Costco’s Vice President of Corporate Food and Sundries, Ken Kimble, has also stated that the wholesaler has launched an investigation and its supplier has promised to visit every single facility to check that monkey labor is not being used.
‘We have ceased purchasing from our supplier/owner of the brand Chaokoh,’ Kimble wrote in the letter, dated September 29. ‘We have made it clear to the supplier we do not support the use of monkeys for harvesting and that all harvesting must be done by human labor.’
Costco’s Vice President of Corporate Food and Sundries, Ken Kimble, has also stated that the wholesaler has launched an investigation and its supplier has promised to visit every single facility to check that monkey labor is not being used
PETA investigators visited eight farms where monkeys are forced to pick coconuts-including those for Thailand’s major coconut milk producers. At each one, they documented that these sensitive animals were abused and exploited
‘We will continue to monitor the implementation of the harvest policies and once satisfied will resume purchasing,’ he added.
The products are still being told at Target, Walmart and Kroger’s websites.
Walmart, the nation’s largest retailer, said it is in talks with the manufacturer over the allegations although the product is still being sold on Walmart, Target and Kroger’s websites.
‘Walmart is committed to sourcing responsibility and we expect that our suppliers will not tolerate animal abuse of any kind,’ a Walmart spokesperson told CNN.
‘We will continue to engage with this supplier regarding our expectations, the severity of these allegations and that the supplier will take corrective action if needed.’
Animal rights organization Peta Asia’s investigation found Thai farms training monkeys to pick coconuts from trees, sometimes being forced to carry items larger than their own bodyweight
he terrified young monkeys are forced to perform frustrating and difficult tasks, such as twisting heavy coconuts until they fall off the trees from a great height. An investigator learned that if monkeys try to defend themselves, their canine teeth may be pulled out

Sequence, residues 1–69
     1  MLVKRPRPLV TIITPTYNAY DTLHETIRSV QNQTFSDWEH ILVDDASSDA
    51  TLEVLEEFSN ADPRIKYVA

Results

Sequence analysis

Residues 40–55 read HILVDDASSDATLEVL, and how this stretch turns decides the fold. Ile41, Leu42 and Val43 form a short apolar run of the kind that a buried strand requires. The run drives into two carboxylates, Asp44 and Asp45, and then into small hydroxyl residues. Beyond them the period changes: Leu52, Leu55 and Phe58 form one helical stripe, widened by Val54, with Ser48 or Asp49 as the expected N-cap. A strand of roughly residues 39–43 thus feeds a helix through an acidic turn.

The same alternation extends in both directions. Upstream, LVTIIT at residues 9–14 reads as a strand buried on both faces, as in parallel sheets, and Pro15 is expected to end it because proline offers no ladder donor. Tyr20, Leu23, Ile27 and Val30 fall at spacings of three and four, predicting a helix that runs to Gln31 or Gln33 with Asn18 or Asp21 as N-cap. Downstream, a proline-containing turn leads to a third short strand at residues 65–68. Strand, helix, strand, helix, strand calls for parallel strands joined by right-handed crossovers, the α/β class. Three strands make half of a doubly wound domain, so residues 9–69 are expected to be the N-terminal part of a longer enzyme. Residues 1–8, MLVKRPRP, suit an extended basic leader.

In July, the Thai government responded to similar claims.
‘Using monkeys for the coconut industry is almost non-existent,’ Thai Commerce Minister Jurin Laksanawisit told reporters, saying human labour had long ago replaced monkeys.
Chaokoh coconut milk is no longer on the shelves at Costco
‘But there may still be the pictures of monkey collecting coconuts for tourism on video clips, which created a misunderstanding,’ Jurin said.
Deputy agriculture minister, Mananya Thaiset, echoed his comments. ‘How do you even find that many monkeys to collect large amounts of coconuts to cater to the industry?’ she asked.
Edwin Wiek, of the Wildlife Friends Foundation Thailand that tends to rescued wildlife, said he believed the practice was waning as farmers strived to meet European trade standards.
‘I do believe that monkeys are still being used for the coconut picking. But in the last 15 years, it’s going down at a very big rate,’ he said.
Thailand last year produced more than 806,000 tonnes of coconut and exported coconut milk worth nearly $400 million.
A monkey on a leash climbs a coconut tree to collect coconuts for his owner in Thailand’s largely Muslim Narathiwat province (file photo from 2004)